U.S. Bureau of Standards — Building 
Materials and Structures: 

Report BMS78 — Structural, heat-trans- 
fer, and water-permeability properties of 
five earth-wall constructions. Report 
BMS79 — Water-distributing systems for 

Engineering Opportunities: 

General prospectus of the British Institute 
of Engineering Technology Ltd. 

Bell Telephone System — Technical Pub- 

Magnetoshiction Young's modulus and 
damping of 68 permalloy; M aero molecular 
properties of linear polyesters; Current 
rating and life of cold-cathode lubes; 
Dilatometric study of the order-disorder 
transformation in Cu-Au alloys; Electron 
microscopes and their uses; Electron dif- 
fraction studies of thin films; Monographs 
B-1303, 1310, 1315-18. 

University of California Publications:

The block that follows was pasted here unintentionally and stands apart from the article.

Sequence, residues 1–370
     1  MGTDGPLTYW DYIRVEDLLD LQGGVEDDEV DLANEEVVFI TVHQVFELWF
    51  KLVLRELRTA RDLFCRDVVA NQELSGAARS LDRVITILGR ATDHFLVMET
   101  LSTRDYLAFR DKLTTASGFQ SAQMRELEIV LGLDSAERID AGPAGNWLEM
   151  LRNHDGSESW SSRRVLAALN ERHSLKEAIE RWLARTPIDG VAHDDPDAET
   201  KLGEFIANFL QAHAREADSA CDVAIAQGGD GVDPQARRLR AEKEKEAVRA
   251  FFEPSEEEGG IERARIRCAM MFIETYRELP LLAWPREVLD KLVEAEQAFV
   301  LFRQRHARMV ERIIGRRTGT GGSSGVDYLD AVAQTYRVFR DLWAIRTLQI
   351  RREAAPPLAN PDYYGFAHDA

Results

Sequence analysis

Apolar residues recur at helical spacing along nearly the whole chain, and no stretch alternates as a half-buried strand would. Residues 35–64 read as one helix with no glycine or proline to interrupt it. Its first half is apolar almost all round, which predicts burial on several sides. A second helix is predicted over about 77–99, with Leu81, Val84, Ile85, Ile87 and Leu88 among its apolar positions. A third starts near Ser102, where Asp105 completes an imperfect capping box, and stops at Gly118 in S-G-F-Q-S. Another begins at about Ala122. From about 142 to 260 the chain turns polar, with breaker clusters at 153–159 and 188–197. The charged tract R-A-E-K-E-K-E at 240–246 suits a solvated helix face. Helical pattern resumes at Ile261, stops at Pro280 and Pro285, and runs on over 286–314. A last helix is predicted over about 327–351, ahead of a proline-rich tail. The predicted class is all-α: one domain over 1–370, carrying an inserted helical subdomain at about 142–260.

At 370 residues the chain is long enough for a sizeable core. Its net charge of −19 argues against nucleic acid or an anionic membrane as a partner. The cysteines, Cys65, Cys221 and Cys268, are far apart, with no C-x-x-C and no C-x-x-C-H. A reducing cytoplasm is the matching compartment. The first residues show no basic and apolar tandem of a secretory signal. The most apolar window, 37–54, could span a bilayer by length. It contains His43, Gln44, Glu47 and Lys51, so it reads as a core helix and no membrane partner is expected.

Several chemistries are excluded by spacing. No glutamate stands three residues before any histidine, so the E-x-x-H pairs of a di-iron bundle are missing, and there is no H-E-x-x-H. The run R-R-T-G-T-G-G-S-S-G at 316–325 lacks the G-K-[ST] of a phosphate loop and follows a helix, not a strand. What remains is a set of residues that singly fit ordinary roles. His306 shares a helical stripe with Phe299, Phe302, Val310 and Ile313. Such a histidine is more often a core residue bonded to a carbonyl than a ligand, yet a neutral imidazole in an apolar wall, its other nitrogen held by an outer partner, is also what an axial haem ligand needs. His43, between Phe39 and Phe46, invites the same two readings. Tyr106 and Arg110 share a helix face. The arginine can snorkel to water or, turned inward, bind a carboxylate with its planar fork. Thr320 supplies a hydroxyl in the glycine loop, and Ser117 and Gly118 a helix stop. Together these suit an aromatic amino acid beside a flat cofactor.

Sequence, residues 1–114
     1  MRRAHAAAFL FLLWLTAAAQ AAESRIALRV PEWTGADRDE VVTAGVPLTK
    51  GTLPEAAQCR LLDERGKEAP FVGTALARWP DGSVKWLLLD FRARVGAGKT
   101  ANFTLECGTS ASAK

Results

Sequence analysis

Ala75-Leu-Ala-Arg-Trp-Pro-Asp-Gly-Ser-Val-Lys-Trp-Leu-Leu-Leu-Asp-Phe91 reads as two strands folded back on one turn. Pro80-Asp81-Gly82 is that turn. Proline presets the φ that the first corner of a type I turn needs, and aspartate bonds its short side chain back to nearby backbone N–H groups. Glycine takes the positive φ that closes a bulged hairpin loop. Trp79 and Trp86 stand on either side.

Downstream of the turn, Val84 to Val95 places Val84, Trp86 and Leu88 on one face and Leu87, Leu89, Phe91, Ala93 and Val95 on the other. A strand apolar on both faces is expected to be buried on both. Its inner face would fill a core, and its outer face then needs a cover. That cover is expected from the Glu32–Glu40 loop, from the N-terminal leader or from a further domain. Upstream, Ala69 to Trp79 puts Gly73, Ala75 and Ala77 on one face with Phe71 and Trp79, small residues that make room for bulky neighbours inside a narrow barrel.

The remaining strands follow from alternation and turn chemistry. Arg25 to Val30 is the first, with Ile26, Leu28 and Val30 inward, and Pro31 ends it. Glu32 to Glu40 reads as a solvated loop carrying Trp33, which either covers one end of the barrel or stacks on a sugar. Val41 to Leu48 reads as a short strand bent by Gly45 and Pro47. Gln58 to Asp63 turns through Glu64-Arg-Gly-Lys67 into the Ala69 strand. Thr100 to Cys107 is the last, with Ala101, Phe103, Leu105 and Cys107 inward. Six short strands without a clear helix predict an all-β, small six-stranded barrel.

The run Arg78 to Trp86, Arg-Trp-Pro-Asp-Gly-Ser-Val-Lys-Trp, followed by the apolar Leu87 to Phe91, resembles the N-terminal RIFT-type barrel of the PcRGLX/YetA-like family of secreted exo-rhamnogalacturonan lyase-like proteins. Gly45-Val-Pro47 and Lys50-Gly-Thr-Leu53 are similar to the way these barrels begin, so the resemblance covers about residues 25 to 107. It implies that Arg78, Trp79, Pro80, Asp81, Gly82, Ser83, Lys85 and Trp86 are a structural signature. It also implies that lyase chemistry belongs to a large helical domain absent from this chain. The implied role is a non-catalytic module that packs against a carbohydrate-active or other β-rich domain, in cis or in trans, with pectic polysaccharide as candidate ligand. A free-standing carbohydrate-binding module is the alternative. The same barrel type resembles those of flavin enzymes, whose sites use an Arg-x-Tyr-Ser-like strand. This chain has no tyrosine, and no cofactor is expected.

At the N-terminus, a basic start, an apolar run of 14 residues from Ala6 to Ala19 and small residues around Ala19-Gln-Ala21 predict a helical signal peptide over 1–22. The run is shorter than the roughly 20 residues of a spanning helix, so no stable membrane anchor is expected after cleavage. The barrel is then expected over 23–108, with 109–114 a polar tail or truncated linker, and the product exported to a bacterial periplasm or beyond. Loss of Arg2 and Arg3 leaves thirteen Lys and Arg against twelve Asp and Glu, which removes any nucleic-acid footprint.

Geology of the western Sierra Nevada 
between the Kings and San Joaquin Rivers, 
California, by Gordon A. MacDonald. 

Canada, Department of Mines and Re- 
sources — Mines and Geology Branch 
— Geological Survey Memoirs: 

Noranda District, Quebec, by M. E. 
Wilson, Memoir 229; Bousquet Joannes 

Book notes, Additions to the Library of the Engineer- 
ing Institute, Reviews of New Books and Publications 

Area, Québec, by H. C. Gunning, Memoir 
231 ; Mining Industry of Yukon, 1939 and 
1940, by H. S. Bostock, Memoir 234. 

Canada, Department of Mines and Re- 
sources — Mines and Geology Branch 
— Bureau of Mines: 

Pictou County Coalfield — Physical and 
chemical survey of coals from Canadian 
Collieries, No. 3. 

University of Illinois — Engineering Ex- 
periment Station Bulletins: 

Heat transfer to clouds of falling particles, 
by H. F. Johnstone, R. L. Pigford and 
J. H. Chapin, Bulletin 830; Tests of 
Cylindrical Shells, by W. M. Wilson and 
E. D. Olson, Bulletin 331; Analyses of 
skew slabs, by Vernon P. Jensen, Bulletin